According to US's National Institutes of Health, people have used marijuana, or cannabis, to treat their ailments for at least 3,000 years. Cannabidiol, a substance that is present in marijuana, received approval in June 2018 as a treatment for some types of epilepsy. There is widespread belief that marijuana is an effective treatment for a wide assortment of ailments.
Over the years, research has yielded results to suggest that marijuana may be of benefit in the treatment of some conditions like chronic pain, alcoholism and drug addiction, Depression, post-traumatic stress disorder, and social anxiety, cancer, Multiple sclerosis, epilepsy. But even with the positives, marijuana when regularly and excessively used can cause mental health problems, Testicular cancer, Respiratory disease.
Many scientists and health bodies — including the American Cancer Society (ACS) — support the need for further scientific research on the use of marijuana and cannabinoids to treat medical conditions.
Economic Benefits To Uganda
With such a significant investment from Industrial Globus Uganda Ltd worth $5m, Uganda will the first country to legalize farming of the herb. This means it will be able to export to neighboring country and earn the country insurmountable amounts of revenue and foreign exchange.
The pharmaceutical sector in Uganda will earn a breakthrough as it will reduce on the expenses to import medicinal marijuana. They will be able to get it locally.
Forbes reports that earlier this month the ETFGI Consultancy Firm revealed that the world’s first cannabis exchange-traded fund is on its way to becoming the second most profitable exchange-traded fund (ETF) in Canada after offering 50% return so far this year. In October 2018, Canada became the second country in the world, after Uruguay, and the first country within the G20 to legalize the recreational use of marijuana.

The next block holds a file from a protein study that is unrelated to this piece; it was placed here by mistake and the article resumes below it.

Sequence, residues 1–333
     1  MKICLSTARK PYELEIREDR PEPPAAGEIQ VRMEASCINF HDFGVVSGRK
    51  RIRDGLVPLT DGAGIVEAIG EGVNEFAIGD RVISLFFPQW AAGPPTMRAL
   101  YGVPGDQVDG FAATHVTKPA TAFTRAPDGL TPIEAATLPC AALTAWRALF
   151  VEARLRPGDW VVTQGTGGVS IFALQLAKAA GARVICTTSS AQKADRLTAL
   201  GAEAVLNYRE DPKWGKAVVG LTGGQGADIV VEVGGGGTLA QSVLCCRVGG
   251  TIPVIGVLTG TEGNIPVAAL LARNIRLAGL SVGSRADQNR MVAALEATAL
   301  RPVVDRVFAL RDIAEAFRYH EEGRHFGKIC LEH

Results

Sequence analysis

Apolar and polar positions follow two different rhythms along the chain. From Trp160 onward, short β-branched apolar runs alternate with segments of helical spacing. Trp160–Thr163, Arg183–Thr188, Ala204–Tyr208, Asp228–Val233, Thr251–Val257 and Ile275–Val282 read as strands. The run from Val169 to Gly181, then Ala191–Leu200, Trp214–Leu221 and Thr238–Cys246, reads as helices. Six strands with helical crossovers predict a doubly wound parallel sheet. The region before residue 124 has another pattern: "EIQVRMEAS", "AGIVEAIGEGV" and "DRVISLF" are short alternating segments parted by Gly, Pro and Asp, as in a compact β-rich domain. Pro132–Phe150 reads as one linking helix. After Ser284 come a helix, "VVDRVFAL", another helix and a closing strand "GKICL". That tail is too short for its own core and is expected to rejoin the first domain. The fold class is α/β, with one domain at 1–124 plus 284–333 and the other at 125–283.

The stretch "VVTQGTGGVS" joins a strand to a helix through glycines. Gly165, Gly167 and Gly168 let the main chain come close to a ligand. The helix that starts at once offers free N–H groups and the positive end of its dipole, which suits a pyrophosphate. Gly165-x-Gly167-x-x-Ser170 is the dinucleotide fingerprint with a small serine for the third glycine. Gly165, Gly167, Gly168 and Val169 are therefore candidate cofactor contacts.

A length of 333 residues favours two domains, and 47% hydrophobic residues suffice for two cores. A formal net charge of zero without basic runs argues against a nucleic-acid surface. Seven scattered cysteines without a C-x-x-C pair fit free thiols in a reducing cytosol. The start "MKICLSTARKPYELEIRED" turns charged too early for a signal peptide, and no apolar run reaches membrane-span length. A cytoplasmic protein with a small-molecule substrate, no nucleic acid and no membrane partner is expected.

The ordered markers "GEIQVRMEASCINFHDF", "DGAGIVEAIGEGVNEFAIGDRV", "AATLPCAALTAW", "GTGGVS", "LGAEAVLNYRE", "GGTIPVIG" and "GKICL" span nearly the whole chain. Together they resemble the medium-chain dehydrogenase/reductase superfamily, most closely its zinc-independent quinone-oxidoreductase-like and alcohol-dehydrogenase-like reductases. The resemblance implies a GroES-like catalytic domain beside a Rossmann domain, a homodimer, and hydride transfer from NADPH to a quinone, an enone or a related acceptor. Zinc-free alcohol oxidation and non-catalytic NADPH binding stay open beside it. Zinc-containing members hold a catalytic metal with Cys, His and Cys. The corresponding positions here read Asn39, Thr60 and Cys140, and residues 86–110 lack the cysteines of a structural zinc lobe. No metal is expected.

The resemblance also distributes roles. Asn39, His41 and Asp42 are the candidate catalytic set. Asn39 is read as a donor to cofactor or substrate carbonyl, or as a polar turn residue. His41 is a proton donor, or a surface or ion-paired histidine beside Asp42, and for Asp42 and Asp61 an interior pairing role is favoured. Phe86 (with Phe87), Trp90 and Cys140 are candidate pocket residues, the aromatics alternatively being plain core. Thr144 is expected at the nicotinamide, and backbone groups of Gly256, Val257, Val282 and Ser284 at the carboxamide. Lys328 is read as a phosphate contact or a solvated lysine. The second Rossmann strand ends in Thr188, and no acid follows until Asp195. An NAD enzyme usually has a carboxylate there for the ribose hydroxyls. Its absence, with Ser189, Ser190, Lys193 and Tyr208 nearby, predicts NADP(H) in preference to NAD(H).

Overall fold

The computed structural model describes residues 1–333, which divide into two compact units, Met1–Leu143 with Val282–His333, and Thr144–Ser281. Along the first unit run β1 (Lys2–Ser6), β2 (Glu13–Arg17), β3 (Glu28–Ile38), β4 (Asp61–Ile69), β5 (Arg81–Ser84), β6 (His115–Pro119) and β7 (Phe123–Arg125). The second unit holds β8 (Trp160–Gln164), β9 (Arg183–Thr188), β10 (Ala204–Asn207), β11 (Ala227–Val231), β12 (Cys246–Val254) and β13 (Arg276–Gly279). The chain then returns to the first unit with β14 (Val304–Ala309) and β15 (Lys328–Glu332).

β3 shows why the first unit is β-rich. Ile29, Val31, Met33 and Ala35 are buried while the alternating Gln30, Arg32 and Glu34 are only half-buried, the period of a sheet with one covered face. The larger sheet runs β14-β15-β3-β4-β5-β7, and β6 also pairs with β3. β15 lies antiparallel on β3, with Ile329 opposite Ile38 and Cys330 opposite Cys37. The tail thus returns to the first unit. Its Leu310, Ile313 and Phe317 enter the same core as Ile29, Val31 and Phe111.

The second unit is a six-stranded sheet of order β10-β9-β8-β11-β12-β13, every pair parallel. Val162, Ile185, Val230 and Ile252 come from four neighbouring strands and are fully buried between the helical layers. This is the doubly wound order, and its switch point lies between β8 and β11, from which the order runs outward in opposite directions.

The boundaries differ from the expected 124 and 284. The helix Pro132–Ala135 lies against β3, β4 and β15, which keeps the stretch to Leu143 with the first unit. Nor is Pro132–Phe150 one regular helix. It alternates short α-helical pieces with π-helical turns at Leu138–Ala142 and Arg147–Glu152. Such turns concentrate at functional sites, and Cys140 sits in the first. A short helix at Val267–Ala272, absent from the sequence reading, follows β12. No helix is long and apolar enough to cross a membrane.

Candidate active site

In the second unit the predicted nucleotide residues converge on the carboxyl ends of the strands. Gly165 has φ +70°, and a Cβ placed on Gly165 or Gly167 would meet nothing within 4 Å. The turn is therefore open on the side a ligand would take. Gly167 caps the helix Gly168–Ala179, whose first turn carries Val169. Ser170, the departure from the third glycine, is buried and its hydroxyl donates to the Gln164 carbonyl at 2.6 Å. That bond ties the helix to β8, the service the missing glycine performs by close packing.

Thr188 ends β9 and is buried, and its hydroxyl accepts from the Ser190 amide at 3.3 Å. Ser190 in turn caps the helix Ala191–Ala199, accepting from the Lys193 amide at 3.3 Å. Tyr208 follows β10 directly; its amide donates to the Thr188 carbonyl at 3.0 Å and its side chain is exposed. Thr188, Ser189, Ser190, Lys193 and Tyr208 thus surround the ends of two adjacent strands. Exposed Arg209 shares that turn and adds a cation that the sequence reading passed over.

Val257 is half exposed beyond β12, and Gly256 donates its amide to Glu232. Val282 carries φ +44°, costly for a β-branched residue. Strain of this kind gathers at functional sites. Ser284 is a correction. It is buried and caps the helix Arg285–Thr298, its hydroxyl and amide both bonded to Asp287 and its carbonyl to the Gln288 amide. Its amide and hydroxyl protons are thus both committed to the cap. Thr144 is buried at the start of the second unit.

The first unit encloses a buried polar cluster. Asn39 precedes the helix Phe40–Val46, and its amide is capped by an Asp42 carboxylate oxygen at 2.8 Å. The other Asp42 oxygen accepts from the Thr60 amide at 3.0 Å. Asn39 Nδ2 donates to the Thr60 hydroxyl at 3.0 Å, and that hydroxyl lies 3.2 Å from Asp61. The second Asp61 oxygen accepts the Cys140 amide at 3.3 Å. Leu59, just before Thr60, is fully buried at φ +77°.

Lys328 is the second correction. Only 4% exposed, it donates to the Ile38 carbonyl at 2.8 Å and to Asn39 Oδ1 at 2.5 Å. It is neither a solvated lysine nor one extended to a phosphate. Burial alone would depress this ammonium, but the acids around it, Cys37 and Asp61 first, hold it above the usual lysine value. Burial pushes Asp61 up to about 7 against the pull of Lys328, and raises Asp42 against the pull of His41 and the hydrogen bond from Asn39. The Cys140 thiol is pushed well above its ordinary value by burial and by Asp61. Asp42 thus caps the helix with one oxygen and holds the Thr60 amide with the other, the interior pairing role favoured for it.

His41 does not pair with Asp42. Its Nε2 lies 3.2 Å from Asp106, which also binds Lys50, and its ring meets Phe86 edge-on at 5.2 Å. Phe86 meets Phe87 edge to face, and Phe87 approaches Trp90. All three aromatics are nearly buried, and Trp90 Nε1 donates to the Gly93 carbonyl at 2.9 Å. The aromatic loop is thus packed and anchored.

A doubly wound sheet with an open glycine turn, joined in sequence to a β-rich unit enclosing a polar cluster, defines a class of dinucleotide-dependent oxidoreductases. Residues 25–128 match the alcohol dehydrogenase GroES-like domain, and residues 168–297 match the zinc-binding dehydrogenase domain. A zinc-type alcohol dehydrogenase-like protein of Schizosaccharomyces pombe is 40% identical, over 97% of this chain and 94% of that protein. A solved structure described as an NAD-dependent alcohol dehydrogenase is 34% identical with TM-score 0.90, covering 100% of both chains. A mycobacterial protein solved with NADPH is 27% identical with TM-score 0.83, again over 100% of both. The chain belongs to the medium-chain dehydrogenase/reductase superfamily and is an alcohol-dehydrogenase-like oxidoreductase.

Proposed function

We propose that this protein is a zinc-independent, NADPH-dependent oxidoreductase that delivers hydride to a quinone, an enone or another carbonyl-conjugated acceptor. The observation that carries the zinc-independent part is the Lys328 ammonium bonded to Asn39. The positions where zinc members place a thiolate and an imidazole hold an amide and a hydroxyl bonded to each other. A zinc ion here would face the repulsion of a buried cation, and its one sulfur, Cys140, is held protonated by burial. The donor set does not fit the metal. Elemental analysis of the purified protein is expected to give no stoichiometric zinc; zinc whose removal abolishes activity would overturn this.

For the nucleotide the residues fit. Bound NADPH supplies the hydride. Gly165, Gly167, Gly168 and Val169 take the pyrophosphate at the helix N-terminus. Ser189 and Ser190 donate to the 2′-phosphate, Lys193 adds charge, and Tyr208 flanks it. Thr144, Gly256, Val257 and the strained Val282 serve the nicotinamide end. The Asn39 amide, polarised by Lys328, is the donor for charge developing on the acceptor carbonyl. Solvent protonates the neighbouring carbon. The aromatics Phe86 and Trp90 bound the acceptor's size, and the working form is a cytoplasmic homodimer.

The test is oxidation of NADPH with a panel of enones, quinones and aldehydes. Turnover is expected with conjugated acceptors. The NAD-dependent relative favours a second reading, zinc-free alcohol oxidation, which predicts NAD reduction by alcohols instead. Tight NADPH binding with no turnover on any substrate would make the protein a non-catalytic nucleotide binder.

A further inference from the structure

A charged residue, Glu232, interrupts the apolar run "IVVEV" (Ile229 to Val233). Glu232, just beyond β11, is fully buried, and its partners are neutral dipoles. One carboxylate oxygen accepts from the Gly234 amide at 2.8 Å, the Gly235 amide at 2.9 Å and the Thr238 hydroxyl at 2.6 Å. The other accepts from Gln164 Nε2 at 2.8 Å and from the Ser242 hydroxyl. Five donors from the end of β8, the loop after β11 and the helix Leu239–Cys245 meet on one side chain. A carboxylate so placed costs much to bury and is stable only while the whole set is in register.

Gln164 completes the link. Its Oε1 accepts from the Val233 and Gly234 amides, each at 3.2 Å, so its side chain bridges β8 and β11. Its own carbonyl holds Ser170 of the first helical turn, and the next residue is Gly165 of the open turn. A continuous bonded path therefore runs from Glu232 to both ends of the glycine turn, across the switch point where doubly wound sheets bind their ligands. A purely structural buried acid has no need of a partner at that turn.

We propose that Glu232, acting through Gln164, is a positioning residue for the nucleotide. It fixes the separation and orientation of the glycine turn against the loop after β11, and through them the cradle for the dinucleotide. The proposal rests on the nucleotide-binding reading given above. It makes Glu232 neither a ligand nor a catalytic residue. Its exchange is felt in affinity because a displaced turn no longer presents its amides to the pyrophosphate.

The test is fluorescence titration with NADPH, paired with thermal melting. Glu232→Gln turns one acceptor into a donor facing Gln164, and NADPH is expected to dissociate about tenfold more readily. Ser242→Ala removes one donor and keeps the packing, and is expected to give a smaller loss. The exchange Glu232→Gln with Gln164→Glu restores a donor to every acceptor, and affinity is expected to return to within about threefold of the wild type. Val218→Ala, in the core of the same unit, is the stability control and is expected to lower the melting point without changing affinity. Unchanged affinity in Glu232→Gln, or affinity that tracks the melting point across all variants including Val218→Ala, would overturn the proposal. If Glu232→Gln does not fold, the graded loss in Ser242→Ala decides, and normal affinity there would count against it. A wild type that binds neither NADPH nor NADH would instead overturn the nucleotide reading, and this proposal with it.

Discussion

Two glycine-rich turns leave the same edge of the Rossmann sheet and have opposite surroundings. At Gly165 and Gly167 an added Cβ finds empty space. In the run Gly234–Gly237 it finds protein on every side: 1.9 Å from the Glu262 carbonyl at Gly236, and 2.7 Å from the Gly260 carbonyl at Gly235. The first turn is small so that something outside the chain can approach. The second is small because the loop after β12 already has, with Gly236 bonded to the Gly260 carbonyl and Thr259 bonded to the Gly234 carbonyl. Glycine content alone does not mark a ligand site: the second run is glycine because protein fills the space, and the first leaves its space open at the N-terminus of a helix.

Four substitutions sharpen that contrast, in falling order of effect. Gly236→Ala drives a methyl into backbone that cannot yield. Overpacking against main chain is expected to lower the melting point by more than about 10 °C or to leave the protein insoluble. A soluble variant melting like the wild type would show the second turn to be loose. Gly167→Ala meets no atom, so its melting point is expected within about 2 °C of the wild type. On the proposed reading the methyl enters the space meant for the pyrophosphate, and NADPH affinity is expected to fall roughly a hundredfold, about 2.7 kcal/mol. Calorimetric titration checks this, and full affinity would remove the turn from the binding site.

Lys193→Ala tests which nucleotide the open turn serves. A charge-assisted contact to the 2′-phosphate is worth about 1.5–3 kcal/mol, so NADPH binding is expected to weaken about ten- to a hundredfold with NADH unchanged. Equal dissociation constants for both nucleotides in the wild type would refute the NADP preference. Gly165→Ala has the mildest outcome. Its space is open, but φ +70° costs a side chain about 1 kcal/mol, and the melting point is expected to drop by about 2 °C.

According to an Investopedia report October, last year, the economic benefits of legalizing weed have already been apparent as the first states in the United States of America have moved to change their legal positions. The report said legal marijuana could mean a big push for state economies and big bucks for both the state and the federal governments.
Investopedia said that better than expected sales of marijuana in Colorado and Washington over the past several years have resulted in buoyant tax revenues. In 2015, Colorado collected more than $135 million in taxes and fees on medical and recreational marijuana. Sales in North America grew 30%, to $6.7 billion, in 2016, and is projected to increase to $20.1 billion by 2021, according to Arcview Market Research.
Wiith other countries progressing and starting to realize social and economic benefits from legalizing the growing, trading and prescription of marijuana then maybe it is time for Uganda to size up this adventure and work out the legal regimes to support this new cash cow.